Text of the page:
Outcome after laminectomy for lumbar spinal stenosis. Part I: Clinical correlations

G. F. Tuite, J. D. Stern, S. E. Doran, S. M. Papadopoulos, J. E. McGillicuddy, D. I. Oyedijo, S. V. Grube, C. Lundquist, H. S. Gilmer, M. A. Schork, S. E. Swanson, J. T. Hoff

Research output: Contribution to journalArticlepeer-review

Abstract

All patients who underwent decompressive lumbar laminectomy in the Washtenaw County, Michigan metropolitan area during a 7-year period were studied for the purpose of defining long-term outcome, clinical correlations, and the need for subsequent fusion. Outcome was determined by questionnaire and physical examination from a cohort of 119 patients with an average follow-up evaluation interval of 4.6 years. Patients graded their outcome as much improved (37%), somewhat improved (29%), unchanged (17%), somewhat worse (5%), and much worse (12%) compared to their condition before surgery. Poor outcome correlated with the need for additional surgery, but there were few additional significant correlations. No patient had a lumbar fusion during the study interval. The outcome after laminectomy was found to be less favorable than previously reported, based on a patient questionnaire administered to an unbiased patient population. Further randomized, controlled trials are therefore necessary to determine the efficacy of lumbar fusion as an adjunct to decompressive lumbar laminectomy.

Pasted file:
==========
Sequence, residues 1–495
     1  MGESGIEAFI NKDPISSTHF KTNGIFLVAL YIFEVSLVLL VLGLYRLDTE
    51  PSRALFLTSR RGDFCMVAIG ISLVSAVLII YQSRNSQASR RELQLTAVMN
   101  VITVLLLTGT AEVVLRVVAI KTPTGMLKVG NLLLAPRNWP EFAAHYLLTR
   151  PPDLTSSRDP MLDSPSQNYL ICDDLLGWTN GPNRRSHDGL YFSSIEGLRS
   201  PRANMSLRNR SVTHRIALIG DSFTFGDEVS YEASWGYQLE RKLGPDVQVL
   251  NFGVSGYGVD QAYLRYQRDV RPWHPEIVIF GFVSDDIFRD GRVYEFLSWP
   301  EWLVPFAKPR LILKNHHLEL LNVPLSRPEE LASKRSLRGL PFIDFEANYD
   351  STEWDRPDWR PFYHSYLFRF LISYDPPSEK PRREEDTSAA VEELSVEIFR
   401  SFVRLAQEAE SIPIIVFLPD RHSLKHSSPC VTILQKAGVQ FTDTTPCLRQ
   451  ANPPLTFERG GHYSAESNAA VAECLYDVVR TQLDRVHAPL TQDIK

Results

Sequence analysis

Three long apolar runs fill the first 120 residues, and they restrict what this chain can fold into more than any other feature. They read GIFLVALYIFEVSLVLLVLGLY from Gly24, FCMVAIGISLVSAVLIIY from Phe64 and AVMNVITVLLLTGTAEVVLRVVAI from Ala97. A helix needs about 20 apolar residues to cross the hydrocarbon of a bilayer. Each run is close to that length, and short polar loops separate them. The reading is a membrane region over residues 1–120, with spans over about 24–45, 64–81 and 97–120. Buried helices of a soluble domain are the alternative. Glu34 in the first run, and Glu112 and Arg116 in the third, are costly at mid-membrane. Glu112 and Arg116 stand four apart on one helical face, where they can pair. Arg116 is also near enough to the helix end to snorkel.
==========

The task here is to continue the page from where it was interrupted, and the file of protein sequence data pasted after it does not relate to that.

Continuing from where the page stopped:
Original languageEnglish (US)
Pages (from-to)699-706
Number of pages8
JournalJournal of neurosurgery
Volume81
Issue number5
DOIs
StatePublished - 1994
Externally publishedYes

Keywords

  • decompressive lumbar laminectomy
  • fusion
  • low-back pain
  • lumbar spine
  • outcome
  • spinal stenosis

ASJC Scopus subject areas

  • Surgery
  • Clinical Neurology

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